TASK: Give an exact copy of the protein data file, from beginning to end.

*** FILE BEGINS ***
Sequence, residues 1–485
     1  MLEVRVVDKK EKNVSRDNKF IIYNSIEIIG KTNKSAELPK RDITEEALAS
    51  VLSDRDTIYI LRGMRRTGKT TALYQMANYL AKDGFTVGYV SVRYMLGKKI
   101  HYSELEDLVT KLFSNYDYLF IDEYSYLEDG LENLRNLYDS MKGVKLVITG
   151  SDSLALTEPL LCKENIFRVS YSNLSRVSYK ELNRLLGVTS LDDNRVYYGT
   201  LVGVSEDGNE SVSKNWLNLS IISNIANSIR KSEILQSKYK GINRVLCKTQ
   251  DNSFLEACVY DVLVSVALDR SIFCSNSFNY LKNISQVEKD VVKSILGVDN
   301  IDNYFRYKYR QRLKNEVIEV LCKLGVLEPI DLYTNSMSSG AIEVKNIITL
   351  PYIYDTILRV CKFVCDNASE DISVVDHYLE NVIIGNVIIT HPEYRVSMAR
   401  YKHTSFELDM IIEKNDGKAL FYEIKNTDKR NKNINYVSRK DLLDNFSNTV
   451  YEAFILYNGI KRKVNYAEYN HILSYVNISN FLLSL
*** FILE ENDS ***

Sequence, residues 1–485
     1  MLEVRVVDKK EKNVSRDNKF IIYNSIEIIG KTNKSAELPK RDITEEALAS
    51  VLSDRDTIYI LRGMRRTGKT TALYQMANYL AKDGFTVGYV SVRYMLGKKI
   101  HYSELEDLVT KLFSNYDYLF IDEYSYLEDG LENLRNLYDS MKGVKLVITG
   151  SDSLALTEPL LCKENIFRVS YSNLSRVSYK ELNRLLGVTS LDDNRVYYGT
   201  LVGVSEDGNE SVSKNWLNLS IISNIANSIR KSEILQSKYK GINRVLCKTQ
   251  DNSFLEACVY DVLVSVALDR SIFCSNSFNY LKNISQVEKD VVKSILGVDN
   301  IDNYFRYKYR QRLKNEVIEV LCKLGVLEPI DLYTNSMSSG AIEVKNIITL
   351  PYIYDTILRV CKFVCDNASE DISVVDHYLE NVIIGNVIIT HPEYRVSMAR
   401  YKHTSFELDM IIEKNDGKAL FYEIKNTDKR NKNINYVSRK DLLDNFSNTV
   451  YEAFILYNGI KRKVNYAEYN HILSYVNISN FLLSL